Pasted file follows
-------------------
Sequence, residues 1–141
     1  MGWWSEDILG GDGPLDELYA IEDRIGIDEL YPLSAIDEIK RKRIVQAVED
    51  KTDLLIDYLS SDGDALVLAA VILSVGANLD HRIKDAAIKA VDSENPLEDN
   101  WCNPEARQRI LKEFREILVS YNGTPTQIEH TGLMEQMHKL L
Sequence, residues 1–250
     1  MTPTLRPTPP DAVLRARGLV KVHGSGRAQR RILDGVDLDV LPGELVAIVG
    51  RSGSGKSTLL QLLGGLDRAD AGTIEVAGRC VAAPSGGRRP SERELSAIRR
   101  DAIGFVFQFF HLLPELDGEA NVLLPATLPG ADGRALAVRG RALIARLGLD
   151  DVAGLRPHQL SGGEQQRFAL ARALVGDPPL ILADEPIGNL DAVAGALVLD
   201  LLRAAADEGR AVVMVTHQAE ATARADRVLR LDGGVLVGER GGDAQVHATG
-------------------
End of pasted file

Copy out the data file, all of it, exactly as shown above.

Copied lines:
Sequence, residues 1–141
     1  MGWWSEDILG GDGPLDELYA IEDRIGIDEL YPLSAIDEIK RKRIVQAVED
    51  KTDLLIDYLS SDGDALVLAA VILSVGANLD HRIKDAAIKA VDSENPLEDN
   101  WCNPEARQRI LKEFREILVS YNGTPTQIEH TGLMEQMHKL L
Sequence, residues 1–250
     1  MTPTLRPTPP DAVLRARGLV KVHGSGRAQR RILDGVDLDV LPGELVAIVG
    51  RSGSGKSTLL QLLGGLDRAD AGTIEVAGRC VAAPSGGRRP SERELSAIRR
   101  DAIGFVFQFF HLLPELDGEA NVLLPATLPG ADGRALAVRG RALIARLGLD
   151  DVAGLRPHQL SGGEQQRFAL ARALVGDPPL ILADEPIGNL DAVAGALVLD
   201  LLRAAADEGR AVVMVTHQAE ATARADRVLR LDGGVLVGER GGDAQVHATG